Wednesday, 31 July 2013 07:56

Training: Overtraining Syndrome by Cindy Stonesmith

Adventure running season is upon us! With the snow melting in the mountains, the warm summer weather and racing season in full swing it’s easy to get caught up in running and racing too much. Following a well designed training and racing plan is imperative for longevity in the world of Ultra Running. But if you do find yourself lacking in enthusiasm and energy this summer it may be time to take a step back and listen to your body’s signals.  Here are fifteen common warning signs and symptoms of 0vertraining Syndrome:

1. Heart rate is high in relation to exercise effort or pace.

2. Washed-out feeling, tired and drained, lack of energy.

3. Ongoing mild leg soreness, general aches and pains.

4. Pain in muscles and joints.

5. Sudden drop in performance.

6. Insomnia.

7. Frequent headaches.

8. Decreased immunity (increased number of colds, and sore throats).

9. Decrease in training capacity and intensity.

10. Moodiness and irritability.

11. Depression.

12. Loss of enthusiasm for the sport.

13. Decreased appetite and weight loss.

14. Increased incidence of injuries.

15. A compulsive need to exercise.

If you are experiencing 5 or more of these symptoms daily you need to take a step back and start a recovery plan. Do these ten things to get back on track. This may take 1-2 months of diligent recovery before you’re feeling like your old self.

1. A trip to the Doctor for a full blood panel and physical. Be sure to check Iron, Vit D, Calcium and thyroid levels – all play a major role in training and performance.

2. Go to bed early. Do not set your alarm. Allow your body to wake up naturally and get as much sleep as possible.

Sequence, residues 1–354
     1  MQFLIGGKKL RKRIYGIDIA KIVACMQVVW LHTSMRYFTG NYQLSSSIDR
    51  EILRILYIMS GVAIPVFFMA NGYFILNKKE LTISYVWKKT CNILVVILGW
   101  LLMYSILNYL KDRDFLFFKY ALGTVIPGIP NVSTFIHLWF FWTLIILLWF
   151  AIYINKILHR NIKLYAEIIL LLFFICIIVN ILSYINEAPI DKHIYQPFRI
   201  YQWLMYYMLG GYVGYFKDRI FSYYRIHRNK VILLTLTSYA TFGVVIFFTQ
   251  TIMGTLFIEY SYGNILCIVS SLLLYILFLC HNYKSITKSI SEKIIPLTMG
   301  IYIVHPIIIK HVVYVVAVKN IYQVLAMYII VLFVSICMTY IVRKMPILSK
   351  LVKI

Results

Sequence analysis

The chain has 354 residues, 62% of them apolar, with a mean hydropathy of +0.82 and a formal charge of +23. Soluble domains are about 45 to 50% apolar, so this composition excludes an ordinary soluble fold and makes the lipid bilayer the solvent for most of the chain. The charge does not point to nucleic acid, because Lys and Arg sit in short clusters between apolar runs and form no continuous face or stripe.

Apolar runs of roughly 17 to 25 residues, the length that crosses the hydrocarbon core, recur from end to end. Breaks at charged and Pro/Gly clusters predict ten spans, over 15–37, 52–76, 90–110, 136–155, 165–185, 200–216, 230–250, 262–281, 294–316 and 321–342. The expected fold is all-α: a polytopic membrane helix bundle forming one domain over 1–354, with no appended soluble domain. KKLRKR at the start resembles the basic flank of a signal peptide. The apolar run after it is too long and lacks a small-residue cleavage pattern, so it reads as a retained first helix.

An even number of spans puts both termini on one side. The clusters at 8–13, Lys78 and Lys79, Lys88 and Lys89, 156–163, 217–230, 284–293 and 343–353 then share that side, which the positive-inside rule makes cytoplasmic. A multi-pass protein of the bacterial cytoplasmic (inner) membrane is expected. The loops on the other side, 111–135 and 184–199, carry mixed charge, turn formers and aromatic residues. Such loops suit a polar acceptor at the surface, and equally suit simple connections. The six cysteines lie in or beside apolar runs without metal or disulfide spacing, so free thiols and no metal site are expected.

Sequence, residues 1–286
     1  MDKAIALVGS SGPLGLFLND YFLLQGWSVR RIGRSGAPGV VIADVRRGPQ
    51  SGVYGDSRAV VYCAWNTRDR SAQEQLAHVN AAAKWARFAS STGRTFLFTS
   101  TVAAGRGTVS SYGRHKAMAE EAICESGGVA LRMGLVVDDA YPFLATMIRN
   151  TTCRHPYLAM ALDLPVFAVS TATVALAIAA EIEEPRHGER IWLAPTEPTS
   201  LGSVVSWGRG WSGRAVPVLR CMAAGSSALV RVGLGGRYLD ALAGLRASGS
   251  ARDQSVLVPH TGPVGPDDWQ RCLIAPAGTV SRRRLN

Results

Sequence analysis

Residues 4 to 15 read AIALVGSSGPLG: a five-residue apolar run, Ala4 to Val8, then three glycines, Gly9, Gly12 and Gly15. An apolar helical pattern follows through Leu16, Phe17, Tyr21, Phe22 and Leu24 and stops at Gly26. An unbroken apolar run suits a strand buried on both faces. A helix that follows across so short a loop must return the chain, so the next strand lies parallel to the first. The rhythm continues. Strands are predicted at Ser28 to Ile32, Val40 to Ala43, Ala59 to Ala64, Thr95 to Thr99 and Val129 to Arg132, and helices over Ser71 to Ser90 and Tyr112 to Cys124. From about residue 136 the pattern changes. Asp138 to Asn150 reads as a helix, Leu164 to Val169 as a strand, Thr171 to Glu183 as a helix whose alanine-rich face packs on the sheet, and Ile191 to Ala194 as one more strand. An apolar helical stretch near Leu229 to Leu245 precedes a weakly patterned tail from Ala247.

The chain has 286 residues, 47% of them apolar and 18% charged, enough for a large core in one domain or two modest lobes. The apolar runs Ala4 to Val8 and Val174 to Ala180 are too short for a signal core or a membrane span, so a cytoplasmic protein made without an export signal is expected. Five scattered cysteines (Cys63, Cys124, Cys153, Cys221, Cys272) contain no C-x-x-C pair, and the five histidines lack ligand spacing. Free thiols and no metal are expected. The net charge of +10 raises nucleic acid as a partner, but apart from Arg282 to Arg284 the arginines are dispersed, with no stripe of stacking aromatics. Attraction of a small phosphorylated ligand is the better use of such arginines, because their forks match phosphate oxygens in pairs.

4. Keep all your runs to 1hr or less. Keep effort easy, with Heart Rate Zone 1-2, easy conversational pace.

5. Do not time trial or race any runs. Racing will fire you up and deplete you mentally. As athletes we all need a non-competitive season in our yearly calendar to rejuvenate mentally and replenish physically.

6. Avoid alcohol and drugs. Yes even Advil and Tylenol. Dependency on NSAIDS can have detrimental lasting effects to your health.

7. Eat nutritionally dense meals. Avoid refined and packaged foods and add super foods to diet.

8. Don’t skip meals. Have 3+ well balanced meals a day that include a mixture of Protein, Fat and Carbohydrate. Eliminating a macro food group out of your diet is risky and will often lead to micro nutrient deficiency.

9. Drink your weight in Kg in water daily. ie Body wt of 55kg= 55oz of water daily. Then add 12-16oz for every hour of exercise.

10. Schedule a regular monthly massage! Getting regular bodywork can help reset your stress levels back to normal, and increase your blood and nutrient flow to major organs and muscles.

Cindy Stonesmith CMT ACSM/HFS
Owner and Endurance Running Coach